I’ve been pleasantly surprised at the interest in Vig’s Unified Theory of Second Life ™. (Hat tip to Hamlet Au, who I’ve never met but appears to be a reader of this humble blog as he put the spotlight on my theory.) Thanks to all those who have offered comments.
I’ve been mulling this theory over for a while, and the words chosen were very deliberate. For all of its technological wizardry, Second Life is a social space. It is a place for people to access and meet other people, enjoy shared experiences and interact with each other – in a host of formats and venues. If you pull the people out of Second Life, you have Photoshop in 3-D. (Conversely, if you pull the virtual world element out of Second Life, you have a live chat service.)
Problem is, the Second Life culture celebrates the exact experience which places the greatest strain on the Second Life system – the shared user experience, of which I will offer examples after the fold.
Despite the lag and other inconveniences, we hardcore users struggle on despite the hassle – recognizing that lag and other technical glitches are the price of admission to hang out with our friends, create and be inspired by others’ creativity. But what of the new users? Will they drop into the metaverse and find themselves in a quagmire…and want to stay? Is Second Life THAT compelling?
My feeling is that it is not. I also have a feeling that a lot of other people agree with me, which is why Second Life’s recurring user count has leveled off. And I’ll stick to my guns in stating that that number won’t go up until Linden Lab makes Second Life as stable as, say, your run-of-the-mill XBox game or World of Warcraft. This is all the more profound when considering that virtual worlds (including Second Life) are on the downside of the Gartner Hype Cycle for Emerging Technologies:
Think about this when considering these examples…
Burning Life – Check out this photo, “Burning Lag.” I also have to mention this poignant blog entry from one of Second Life’s finest artisans, Charlot Dickins, who said, “It sure looks as if they burnt life thouroughly, or did they forget to burn lag?” – it just breaks my heart that someone as talented as Charlot couldn’t take part.
Garden of NPIRL Delights – Another festival where the density of avatars is compunded by content overload. This combination led Crap Mariner to say, “The problem was rather simple: such a show needs to be spread out, decentralized, and put on openspace sims so that the clutter effect does not lag people into immobility, and works are not cross effected.” Crap goes on to say, “As for lag, I’ve found that reducing draw distance to 64 helps a lot there.” Doesn’t that mean that one needs to scale back the technical experience to have a tolerable social experience?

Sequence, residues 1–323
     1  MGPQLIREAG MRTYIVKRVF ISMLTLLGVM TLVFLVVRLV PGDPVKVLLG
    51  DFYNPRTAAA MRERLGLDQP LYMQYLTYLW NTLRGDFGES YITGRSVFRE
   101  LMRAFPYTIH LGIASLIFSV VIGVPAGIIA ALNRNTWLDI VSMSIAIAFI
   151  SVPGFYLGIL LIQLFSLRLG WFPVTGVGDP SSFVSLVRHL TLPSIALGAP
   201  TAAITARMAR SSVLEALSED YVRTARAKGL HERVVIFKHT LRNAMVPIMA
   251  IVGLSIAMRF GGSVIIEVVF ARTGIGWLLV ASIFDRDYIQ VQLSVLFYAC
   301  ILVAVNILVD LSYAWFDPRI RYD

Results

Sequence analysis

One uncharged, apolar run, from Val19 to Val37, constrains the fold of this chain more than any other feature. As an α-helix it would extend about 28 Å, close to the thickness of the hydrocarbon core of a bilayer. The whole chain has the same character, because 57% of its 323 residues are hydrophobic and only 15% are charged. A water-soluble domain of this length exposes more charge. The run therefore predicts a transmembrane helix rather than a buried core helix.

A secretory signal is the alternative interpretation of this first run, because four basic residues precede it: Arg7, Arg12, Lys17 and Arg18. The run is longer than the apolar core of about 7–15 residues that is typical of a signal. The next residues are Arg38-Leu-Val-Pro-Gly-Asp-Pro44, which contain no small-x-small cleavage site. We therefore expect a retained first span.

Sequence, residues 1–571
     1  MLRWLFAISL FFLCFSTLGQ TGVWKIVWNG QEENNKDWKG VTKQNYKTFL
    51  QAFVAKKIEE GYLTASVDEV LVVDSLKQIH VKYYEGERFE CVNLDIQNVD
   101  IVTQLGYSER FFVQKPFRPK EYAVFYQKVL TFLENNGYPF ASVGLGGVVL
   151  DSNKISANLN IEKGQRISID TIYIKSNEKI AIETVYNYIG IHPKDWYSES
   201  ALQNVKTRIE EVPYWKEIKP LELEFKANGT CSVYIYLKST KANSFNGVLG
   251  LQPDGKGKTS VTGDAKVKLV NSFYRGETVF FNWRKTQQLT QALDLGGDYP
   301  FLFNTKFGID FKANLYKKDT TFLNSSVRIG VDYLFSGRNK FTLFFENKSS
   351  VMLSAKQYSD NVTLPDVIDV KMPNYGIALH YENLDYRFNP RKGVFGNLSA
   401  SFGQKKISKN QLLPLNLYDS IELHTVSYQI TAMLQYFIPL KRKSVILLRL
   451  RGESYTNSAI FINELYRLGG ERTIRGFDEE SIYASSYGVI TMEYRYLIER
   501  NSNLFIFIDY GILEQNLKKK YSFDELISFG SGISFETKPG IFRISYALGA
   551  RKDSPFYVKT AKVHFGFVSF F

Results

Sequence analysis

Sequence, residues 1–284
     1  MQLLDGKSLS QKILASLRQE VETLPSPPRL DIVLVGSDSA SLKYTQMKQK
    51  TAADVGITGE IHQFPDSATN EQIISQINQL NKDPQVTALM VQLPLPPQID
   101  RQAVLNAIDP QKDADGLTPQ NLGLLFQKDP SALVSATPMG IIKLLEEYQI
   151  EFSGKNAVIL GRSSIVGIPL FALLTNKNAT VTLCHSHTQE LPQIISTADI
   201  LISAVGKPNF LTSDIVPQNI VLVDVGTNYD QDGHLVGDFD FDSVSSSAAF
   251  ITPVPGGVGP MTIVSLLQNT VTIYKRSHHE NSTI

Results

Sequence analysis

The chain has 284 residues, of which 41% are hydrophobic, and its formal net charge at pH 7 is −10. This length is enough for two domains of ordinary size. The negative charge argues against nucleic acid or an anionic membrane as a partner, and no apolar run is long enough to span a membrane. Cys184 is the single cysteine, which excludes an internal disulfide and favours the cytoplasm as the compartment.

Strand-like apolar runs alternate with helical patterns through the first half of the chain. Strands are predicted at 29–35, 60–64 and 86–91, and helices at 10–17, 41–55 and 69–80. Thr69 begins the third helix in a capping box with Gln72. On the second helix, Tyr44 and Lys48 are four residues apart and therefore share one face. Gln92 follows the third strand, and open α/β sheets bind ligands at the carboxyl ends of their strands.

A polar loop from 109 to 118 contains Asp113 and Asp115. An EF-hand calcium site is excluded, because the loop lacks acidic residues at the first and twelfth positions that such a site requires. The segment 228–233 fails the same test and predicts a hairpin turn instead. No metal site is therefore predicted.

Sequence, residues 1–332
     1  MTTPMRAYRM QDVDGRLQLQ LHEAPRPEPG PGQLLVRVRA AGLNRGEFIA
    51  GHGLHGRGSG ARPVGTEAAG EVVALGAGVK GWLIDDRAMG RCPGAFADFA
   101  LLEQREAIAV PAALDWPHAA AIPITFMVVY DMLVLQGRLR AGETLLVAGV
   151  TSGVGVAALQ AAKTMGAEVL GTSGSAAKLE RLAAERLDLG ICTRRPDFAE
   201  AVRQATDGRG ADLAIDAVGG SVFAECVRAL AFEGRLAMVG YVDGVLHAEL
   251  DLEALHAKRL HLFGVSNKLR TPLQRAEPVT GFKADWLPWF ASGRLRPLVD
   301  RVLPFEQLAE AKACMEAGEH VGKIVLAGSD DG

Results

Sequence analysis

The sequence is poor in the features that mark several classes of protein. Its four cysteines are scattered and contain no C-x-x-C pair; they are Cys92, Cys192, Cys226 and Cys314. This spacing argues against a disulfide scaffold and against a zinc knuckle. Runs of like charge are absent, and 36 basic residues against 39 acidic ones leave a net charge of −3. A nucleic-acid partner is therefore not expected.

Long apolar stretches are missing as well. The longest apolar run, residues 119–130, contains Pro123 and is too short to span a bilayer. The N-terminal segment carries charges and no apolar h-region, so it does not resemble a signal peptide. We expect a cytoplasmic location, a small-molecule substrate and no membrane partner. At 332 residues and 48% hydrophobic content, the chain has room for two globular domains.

The Relay for Life – A wonderfully well-meaning fundraising event for the American Cancer Society, is designed to build community and raise a lot of money for cancer research. Eladrienne Laval blogged, “We fought through tremendous lag, but it was so touching to see the folks lined up alongside the track to cheer us on.”
Great musical performers offer concerts designed to expose as many avatars as possible to a musician’s performance, in theory building positive traffic for the hosting venue and both exposure and income for the artist – not to mention a pleasant cultural experience for the guests. Of course, concerts bring lag – generally the better the performer, the bigger the audience and….the more lag. A trip to a Komuso Tokugawa or Max Kleene show is a guaranteed lag experience (but their talents make us persevere nonetheless), but other artists feel it as well, like Syd Siran:
Grand openings of new stores, where Sapphire Metamine shared in late 2007, “…Glam World was THE place to be. But being on the lazy side, I just couldn’t fight the lag, so I grabbed the complementary Loelle hair from Maitreya and ran!”
Cultural events like the SL Shakespeare company, whose performance in March 2008 led CNN iReporter Maxie Mostel to say, “Though the costumes did not quite materialize due to lag, the voices were clear and well-rehearsed.” Take a look at this picture. Is that what we want to have in our virtual world?
And, lastly, even events of the highest order in Second Life – the ones where Linden Lab Chairman Phil Linden comes inworld for a conference. Yeah, the Macarthur Foundation event crashed on him, too. Now, that’s a meaningful social experience.
To be clear, I’m not criticizing these events for their ambition nor motivations. I should know, I ran Oyster Bay and was hampered by lag and other tech glitches all of the time. We try hard, and the servers can’t keep up.
Love it or leave it, that’s how SL operates – the marketing machine (both Linden and user generated) drags people to a central place and then the SL technology infrastructure makes them miserable. I just can’t see how SL can meaningfully grow until that infrastructure catches up with user demand for satisfying group experiences.